A trio of robbers and their lone hostage wind up at an isolated farmhouse that holds some dark secrets in The Price We Pay, a no-nonsense thriller-cum-grindhouse horror movie now available on VOD platforms worldwide.
The Price We Pay offers little audiences haven’t seen before, and is essentially another spin on overused Texas Chainsaw Massacre formula. But thanks to slick direction from Ryuhei Kitamura (The Midnight Meat Train) and solid central performances, this one should satisfy audiences seeking out this kind of thing.
A sex worker (Sabina Mach) is stalked by an unseen killer at a highway rest stop in The Price We Pay’s tense (if familiar) opening, which would place the firm firmly in slasher-horror territory. But the action abruptly shifts to a sand-blasted pawn shop in the American southwest as a trio of robbers attempt to make a minor score.
Army vet Cody (Stephen Dorff, in a gruff and assured performance) wants a clean heist, but mad dog Alex (an over-the-top Emile Hirsch) gets trigger happy when his brother Shane (Tanner Zagarino) is shot by the store’s owner. That leaves the thieves with a pair of dead bodies and no vehicle after their getaway driver gets spooked.
Luckily for them, down-on-her-luck Grace (Gigi Zumbado) happened to be hiding out in the pawn shop’s backroom as the robbery went down — and soon becomes a hostage and unwitting getaway driver herself.
When the robbers spot a police block, they force Grace off the highway and onto a barren road to nowhere. The car predictably breaks down, but that deserted farmhouse across the horizon looks like the perfect place to lie low for the night.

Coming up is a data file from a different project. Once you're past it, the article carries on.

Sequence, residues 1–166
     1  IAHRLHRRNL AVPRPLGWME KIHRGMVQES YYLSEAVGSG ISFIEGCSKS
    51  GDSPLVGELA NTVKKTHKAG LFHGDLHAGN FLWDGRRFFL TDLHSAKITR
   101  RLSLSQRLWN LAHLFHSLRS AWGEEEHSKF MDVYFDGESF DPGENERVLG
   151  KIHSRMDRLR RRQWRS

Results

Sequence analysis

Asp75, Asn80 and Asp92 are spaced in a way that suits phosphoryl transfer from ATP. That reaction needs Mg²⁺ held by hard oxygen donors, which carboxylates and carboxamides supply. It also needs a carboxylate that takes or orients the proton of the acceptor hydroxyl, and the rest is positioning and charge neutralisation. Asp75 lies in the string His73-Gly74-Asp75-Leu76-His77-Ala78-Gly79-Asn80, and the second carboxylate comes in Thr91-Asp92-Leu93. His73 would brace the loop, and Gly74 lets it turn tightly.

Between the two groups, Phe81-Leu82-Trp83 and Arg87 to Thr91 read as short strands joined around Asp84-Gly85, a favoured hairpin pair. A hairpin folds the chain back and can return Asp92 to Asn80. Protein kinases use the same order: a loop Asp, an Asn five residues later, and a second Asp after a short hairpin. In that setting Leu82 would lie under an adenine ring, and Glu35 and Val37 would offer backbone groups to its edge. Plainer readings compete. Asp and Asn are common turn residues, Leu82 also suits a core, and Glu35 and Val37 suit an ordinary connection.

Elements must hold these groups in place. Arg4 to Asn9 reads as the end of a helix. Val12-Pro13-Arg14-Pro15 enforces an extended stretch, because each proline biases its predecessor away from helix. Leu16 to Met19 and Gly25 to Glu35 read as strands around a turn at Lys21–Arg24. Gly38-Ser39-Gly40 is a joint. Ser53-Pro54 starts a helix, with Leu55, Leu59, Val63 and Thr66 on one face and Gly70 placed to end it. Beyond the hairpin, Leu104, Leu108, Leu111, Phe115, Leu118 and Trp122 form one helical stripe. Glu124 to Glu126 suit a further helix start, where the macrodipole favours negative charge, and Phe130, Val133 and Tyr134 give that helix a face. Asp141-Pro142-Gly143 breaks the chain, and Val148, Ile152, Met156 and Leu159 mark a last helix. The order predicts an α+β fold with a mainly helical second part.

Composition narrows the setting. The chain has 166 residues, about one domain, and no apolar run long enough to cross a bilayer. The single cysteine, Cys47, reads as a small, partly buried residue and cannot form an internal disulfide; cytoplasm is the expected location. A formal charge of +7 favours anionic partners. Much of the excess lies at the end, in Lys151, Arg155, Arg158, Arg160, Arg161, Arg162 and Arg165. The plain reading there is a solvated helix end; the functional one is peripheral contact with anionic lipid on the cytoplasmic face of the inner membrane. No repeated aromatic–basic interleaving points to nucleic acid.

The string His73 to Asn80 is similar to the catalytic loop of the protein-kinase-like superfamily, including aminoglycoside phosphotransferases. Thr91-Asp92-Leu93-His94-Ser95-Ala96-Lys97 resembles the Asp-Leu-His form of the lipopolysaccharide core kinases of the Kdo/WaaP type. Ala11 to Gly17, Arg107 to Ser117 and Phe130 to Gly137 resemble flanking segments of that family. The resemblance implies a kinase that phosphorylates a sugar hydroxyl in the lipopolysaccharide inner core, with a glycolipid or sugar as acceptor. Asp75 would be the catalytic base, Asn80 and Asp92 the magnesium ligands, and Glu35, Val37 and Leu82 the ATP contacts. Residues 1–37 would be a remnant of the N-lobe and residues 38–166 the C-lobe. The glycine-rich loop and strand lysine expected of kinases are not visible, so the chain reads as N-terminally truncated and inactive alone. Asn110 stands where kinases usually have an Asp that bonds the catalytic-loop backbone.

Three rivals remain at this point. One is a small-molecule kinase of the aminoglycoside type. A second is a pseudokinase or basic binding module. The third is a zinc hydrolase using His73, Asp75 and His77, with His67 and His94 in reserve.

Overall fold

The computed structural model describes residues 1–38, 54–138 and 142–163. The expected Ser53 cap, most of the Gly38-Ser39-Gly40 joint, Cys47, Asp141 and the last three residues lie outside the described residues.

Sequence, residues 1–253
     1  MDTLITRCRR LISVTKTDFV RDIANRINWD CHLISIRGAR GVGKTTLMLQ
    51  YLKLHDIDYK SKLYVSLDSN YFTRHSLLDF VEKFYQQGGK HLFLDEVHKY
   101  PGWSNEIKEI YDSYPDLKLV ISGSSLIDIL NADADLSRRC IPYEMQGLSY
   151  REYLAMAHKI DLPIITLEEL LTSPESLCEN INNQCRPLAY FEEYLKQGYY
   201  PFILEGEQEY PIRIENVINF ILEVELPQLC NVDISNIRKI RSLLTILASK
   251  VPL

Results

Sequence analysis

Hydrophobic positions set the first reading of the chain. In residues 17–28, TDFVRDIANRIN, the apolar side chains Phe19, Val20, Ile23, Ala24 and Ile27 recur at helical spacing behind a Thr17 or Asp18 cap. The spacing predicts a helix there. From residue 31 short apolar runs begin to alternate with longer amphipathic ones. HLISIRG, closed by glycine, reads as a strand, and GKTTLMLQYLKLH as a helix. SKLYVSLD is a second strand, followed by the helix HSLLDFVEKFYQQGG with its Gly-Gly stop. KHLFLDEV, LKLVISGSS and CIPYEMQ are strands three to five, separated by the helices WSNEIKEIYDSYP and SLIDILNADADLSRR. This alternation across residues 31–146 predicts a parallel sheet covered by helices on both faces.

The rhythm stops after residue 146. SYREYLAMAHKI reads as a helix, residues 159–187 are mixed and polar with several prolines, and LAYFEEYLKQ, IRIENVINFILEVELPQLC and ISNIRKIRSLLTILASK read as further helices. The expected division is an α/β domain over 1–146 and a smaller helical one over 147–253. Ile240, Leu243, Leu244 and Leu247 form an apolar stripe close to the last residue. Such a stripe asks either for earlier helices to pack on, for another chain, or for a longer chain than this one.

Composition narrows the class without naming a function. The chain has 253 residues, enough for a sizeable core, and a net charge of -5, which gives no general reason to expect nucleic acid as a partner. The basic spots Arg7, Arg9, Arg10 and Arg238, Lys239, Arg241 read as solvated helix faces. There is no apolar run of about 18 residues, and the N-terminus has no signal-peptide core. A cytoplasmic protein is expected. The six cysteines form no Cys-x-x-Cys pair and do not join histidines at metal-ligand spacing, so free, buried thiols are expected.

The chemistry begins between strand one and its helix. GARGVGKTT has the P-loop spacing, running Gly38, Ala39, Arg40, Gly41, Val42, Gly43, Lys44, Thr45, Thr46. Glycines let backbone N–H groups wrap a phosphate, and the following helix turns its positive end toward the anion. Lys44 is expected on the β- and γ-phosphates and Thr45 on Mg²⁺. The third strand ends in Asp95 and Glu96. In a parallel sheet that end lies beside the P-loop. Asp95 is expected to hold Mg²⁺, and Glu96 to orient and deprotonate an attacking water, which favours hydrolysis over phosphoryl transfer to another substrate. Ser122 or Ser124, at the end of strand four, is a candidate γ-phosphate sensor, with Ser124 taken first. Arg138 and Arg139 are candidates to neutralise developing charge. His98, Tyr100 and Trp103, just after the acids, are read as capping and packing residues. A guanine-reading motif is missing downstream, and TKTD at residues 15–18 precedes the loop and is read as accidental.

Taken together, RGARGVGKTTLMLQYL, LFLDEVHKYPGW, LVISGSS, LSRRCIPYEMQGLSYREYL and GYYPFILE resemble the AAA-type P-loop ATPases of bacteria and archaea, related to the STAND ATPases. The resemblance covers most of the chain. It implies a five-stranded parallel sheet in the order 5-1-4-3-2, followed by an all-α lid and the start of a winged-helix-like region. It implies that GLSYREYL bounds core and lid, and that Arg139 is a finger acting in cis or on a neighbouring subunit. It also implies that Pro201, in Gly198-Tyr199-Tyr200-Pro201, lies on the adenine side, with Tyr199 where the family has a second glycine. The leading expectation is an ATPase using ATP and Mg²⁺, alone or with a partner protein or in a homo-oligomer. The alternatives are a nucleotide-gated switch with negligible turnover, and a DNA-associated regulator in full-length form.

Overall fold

With a dramatic shift in tone halfway through and a hulking female threat (here played by Erika Ervin, the “world’s tallest model” also known as Amazon Eve), The Price We Pay bears a couple similarities to the recent horror hit Barbarian. Unfortunately, the story twist here, more outdated urban legend than otherworldly horror, sucks a lot of fun out of the narrative.
The Price We Pay attempts to generate interest through grisly violence as opposed to narrative thrills during its final third, and to some degree, it succeeds. But what should be two showstopping gore sequences, including a finale wrapped up in barbed wire, lose some points for overusing CGI splatter.
Kitamura, whose slick stylistics and fast pacing resemble something of a grindhouse Michael Bay, is a talented director who can turn thin material into efficient thrills in movies like Downrange and No One Lives. But his English-language features have never hit the highs of his outrageous Japanese flicks like Versus or Azumi.
Still, The Price We Pay isn’t likely to disappoint audiences who seek it out. Short and slick, punctuated by some graphic violence and a standout performance from Dorff, it offers just enough to satisfy a minor craving.
The film is dedicated to young star Tyler Sanders, who portrays the benevolent Danny in the film and died of an accidental drug overdose prior to the The Price We Pay’s debut at last year’s Fright Fest.